Mining for Mauritania
Through development and exploration of the Guelb Moghrein copper-gold mine, Mauritanian Copper Mines is helping to put the country on the regional mining map
Writer: Tom Wadlow | Project Manager: Donovan Smith
Mauritania’s mining industry is rising in prominence.
As a proportion of governmental income, the sector’s contribution has risen from 13 percent in 2006 to 30 percent in 2016, a marked increase made possible by the growing exploitation of bountiful reserves of iron ore, gold, copper, phosphate and even uranium.
It is a trend that companies like Mauritanian Copper Mines (MCM), a subsidiary of Canada’s First Quantum Minerals, are helping to steer.
“The Mauritanian mining industry could be one of the most important economic drivers in the region considering the potential of its main geological units like the Mauritanides Ridge, Taoudemi Basin, Tindouf Basin, costal basin and Rguibat shield,” explains Aboubekrine Elemine, MCM’s Country Manager.
“Mauritania remains underexplored, but the government is encouraging investors to come to the country to develop its mining sector. Some exploration companies are in advanced exploration stages which may lead to new mines being opened in the near future.”
The mine of most concern to Elemine is the Guelb Moghrein copper-gold operation, MCM’s exclusive asset located 250 kilometres northeast of the nation’s capital, Nouakchott, near the town of Akjoujt.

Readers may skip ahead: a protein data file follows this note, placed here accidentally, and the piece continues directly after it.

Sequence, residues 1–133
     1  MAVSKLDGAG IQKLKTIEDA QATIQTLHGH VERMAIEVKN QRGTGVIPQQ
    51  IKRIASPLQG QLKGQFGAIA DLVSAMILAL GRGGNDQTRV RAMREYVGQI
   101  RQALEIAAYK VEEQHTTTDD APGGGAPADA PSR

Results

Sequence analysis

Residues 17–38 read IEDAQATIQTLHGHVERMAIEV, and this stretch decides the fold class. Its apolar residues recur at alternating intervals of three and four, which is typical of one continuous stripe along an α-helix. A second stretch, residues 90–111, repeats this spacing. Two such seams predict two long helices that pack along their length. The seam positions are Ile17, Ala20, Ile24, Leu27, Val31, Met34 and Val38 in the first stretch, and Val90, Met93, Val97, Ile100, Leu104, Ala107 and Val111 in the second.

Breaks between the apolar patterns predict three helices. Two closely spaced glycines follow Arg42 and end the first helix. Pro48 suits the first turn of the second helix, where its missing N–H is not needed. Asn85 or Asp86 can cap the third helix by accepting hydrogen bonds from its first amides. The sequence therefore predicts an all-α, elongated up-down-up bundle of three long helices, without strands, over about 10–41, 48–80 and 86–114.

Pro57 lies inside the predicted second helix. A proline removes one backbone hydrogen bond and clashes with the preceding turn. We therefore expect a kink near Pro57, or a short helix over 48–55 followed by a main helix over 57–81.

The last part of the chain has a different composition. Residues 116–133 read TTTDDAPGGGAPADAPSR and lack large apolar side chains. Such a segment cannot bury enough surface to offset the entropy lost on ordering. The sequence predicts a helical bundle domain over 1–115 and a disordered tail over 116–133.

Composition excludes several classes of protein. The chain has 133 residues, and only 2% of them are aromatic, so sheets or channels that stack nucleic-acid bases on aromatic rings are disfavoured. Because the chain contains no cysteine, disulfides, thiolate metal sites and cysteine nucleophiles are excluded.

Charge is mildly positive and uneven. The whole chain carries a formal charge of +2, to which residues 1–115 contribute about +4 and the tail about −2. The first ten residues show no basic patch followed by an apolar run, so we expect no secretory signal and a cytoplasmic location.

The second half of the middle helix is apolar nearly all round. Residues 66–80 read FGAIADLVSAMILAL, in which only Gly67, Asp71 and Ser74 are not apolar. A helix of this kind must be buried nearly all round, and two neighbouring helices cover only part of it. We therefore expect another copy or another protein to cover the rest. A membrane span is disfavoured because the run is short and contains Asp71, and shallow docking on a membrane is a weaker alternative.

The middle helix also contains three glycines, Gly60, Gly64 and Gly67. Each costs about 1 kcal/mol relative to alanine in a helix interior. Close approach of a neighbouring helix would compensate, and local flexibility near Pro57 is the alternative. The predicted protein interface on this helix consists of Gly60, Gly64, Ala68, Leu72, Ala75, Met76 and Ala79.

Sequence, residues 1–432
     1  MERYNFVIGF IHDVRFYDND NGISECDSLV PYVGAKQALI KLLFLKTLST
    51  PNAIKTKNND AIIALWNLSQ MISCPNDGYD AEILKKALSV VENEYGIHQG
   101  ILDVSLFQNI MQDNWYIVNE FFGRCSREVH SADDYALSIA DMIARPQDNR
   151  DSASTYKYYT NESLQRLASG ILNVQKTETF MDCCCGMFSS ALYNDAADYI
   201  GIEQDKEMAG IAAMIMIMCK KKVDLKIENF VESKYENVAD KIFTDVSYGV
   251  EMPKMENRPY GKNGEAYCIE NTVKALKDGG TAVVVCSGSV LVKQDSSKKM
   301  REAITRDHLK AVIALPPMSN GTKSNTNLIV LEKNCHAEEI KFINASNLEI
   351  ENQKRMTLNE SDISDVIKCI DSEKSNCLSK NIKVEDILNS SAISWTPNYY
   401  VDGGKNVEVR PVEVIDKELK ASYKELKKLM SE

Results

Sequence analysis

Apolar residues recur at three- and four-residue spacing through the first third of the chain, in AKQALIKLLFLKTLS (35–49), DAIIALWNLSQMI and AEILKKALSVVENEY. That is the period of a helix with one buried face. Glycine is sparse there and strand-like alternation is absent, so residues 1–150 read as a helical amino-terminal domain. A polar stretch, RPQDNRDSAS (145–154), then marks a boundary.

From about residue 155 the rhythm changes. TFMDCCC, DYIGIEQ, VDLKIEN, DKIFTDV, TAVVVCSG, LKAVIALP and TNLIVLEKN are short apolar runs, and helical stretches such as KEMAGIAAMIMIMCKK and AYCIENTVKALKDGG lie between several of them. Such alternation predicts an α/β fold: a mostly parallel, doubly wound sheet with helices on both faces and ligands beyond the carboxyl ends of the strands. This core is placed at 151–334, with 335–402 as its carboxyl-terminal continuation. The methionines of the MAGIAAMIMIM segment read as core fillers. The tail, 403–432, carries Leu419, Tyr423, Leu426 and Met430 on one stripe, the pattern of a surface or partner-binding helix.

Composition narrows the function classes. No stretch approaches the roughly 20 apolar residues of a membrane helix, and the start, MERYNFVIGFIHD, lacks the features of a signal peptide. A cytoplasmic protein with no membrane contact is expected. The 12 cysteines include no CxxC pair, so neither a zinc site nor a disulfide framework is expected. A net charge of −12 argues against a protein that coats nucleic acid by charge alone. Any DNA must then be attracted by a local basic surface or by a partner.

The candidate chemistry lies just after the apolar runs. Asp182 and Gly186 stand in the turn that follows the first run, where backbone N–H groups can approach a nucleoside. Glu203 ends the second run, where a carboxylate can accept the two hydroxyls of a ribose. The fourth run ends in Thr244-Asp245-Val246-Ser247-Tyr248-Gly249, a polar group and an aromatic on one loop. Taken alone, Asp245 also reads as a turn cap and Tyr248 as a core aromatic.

The subsidiary was established in 2004 by First Quantum after it acquired an 80 percent stake in the project, with production commencing in 2006 and 100 percent ownership gained in 2010.
Elemine has been with MCM from the outset. A chemical engineer by trade, he saw working at the Guelb Moghrein mine as an opportunity to develop a career with an international corporation and be among the first Mauritanian engineers working in the gold extraction industry.
“In 2008, MCM shareholders decided to expand the plant to increase its production – this resulted in an investment of $130 million,” he says, recalling some of the most important breakthroughs made so far.
“A new mill and flotation cells were added to the process and a 20 MW power plant was also built as part of this expansion.
“More recently in 2013, a magnetite plant was built to produce good quality iron and create added value to the mine which contains important quantities of magnetite never exploited by previous operations.”
Presently the Guelb Moghrein site mines around 24 million tonnes of material a year, around 4.5 million tonnes being processed through its flotation plant to produce approximately 170,000 tonnes of copper concentrate (21 percent copper content and 11 g/t of gold).
“At the moment, the focus of the mine has been exploration in and near the current open pit to investigate life of mine extension opportunities,” adds Elemine. “This work continues with a dedicated team of geologists, drillers and equipment.”
Indeed, in addition to the Guelb Moghrein mining licence, the company holds two exploration concessions in the area (amounting to 1,628 square kilometres).
Addressing water wastage
As MCM looks to expand its operations through discovering more reserves, the question of sustainability rises up the agenda.
Mining is a resource-intensive industry, and water is critical to many processes.